SAN ANTONIO — The list of potential therapeutic targets in rheumatoid arthritis continues to expand, with preliminary evidence supporting the addition of the proinflammatory cytokine interleukin (IL)-15.
This signaling molecule, found in the synovium in those with rheumatoid arthritis (RA), appears early in the cascade of events that leads to inflammation, inducing the production of tumor necrosis factor (TNF)-α and recruiting inflammatory T cells.
A human monoclonal IgG antibody that binds to and inhibits IL-15 has been developed and is now undergoing clinical testing, Iain McInnes, M.D., said at the annual meeting of the American College of Rheumatology.
In an interim analysis of a proof-of-concept study of the antibody AMG 714, clinical effect was demonstrated at various doses in 110 patients with active RA, with the most pronounced benefit seen in the highest-dose group, he said.
Background methotrexate was permitted in stable doses of 25 mg/wk or less, but other disease-modifying drugs were not. None of the patients had previously received biologic response modifiers.
Stable limited doses of NSAIDs and corticosteroids were allowed.
Patients were randomized to receive placebo or AMG 714 in doses of 40 mg, 80 mg, 160 mg, or 280 mg, given by subcutaneous injection every 2 weeks for a 12-week period.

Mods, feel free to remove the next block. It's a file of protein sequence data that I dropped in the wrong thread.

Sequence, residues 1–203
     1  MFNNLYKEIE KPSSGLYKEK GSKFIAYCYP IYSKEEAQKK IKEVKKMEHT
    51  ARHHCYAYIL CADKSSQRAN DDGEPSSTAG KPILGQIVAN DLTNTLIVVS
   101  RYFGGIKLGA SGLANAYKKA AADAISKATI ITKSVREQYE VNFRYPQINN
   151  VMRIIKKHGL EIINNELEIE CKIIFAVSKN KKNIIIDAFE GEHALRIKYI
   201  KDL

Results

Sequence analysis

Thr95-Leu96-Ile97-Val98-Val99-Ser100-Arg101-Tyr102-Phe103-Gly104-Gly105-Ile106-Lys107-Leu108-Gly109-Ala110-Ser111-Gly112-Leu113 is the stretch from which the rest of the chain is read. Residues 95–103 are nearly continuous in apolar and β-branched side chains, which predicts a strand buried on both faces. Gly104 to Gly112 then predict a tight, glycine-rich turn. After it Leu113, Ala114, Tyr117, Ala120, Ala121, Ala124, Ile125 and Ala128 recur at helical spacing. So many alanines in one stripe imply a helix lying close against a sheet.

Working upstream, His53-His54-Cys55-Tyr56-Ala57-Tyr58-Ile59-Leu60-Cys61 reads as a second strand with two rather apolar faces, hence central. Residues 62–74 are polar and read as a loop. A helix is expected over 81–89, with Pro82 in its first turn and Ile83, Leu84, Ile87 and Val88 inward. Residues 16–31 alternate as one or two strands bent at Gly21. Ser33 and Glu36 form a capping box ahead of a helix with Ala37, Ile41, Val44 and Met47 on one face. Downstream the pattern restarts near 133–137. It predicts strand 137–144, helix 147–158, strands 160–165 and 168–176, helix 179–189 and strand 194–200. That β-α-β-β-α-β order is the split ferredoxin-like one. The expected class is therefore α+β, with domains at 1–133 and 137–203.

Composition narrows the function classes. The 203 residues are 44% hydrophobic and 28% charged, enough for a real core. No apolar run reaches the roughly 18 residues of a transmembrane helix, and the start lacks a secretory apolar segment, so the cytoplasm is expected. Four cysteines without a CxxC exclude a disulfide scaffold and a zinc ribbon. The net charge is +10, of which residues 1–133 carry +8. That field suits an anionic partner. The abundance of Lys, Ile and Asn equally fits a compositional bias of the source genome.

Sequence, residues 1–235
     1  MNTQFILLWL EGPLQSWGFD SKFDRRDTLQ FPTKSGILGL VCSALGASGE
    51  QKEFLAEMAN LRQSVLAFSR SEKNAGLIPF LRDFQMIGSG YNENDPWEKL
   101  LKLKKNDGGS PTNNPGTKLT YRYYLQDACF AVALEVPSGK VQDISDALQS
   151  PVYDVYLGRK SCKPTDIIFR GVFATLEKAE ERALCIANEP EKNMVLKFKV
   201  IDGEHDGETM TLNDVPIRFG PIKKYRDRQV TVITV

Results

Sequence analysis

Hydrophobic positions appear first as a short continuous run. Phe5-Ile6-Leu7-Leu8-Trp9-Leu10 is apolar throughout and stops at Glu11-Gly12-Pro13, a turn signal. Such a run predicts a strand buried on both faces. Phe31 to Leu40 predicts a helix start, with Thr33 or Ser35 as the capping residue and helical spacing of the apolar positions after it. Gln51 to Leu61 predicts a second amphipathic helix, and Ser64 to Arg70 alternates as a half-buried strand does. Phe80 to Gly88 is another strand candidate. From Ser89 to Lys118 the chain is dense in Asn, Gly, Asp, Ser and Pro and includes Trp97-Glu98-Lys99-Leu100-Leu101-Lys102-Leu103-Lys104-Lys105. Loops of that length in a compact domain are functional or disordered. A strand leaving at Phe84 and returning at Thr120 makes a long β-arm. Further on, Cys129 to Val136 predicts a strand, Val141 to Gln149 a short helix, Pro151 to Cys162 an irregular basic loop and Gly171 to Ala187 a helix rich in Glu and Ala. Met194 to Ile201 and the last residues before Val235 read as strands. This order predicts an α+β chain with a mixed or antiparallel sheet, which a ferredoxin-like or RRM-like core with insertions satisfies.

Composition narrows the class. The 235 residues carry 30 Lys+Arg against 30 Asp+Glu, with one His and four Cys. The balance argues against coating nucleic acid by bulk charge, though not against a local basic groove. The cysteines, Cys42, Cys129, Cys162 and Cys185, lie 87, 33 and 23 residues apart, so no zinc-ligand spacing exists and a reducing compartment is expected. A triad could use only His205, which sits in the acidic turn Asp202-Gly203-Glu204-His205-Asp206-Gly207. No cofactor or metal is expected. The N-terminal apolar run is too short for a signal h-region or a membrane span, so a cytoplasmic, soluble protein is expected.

Among those patients in the highest dose group, 62% achieved an ACR 20 response, as did 26% in the placebo group; this between-group difference was statistically significant.
The response was maintained at week 14, though at that point, statistical significance was lost because of an increased placebo response, said Dr. McInnes, professor of experimental medicine and rheumatology at the Centre for Rheumatic Diseases, Glasgow, Scotland.
Approximately one-fourth of patients in the active treatment groups achieved an ACR 50 response, as did one patient in the placebo group. Some patients have achieved an ACR 70 response, but those data remain blinded, he said.
A 20% reduction in CRP was seen at weeks 4 and 14 in 29% and 39% of placebo patients, respectively, and in 70% and 63% of those in the high-dose AMG 714 group.
Worsening of RA was observed in 26% of placebo patients, compared with 5% of the high-dose treatment group.
Adverse events have been closely tracked in the study. “As this is the first time IL-15 is being targeted in humans, safety is our highest priority,” Dr. McInnes said.
Overall, the incidence of adverse events, such as infection, gastrointestinal complaints, and skin disorders, has been similar across the treatment and placebo groups. Approximately one-fourth of patients in the high-dose group have experienced transient injection-site reactions.
Two serious adverse events were reported. One was a case of deep venous thrombosis diagnosed 4 weeks after the last injection, and the other was sepsis following focal infection of a finger. Both resolved without sequelae, he said.
No deaths occurred during the trial.
“These are encouraging preliminary data,” he said in conclusion. An additional 70 patients now have entered the ongoing study.
Dr. McInnes disclosed a commercial relationship with Genmab A/S, the Copenhagen-based manufacturer of AMG 714.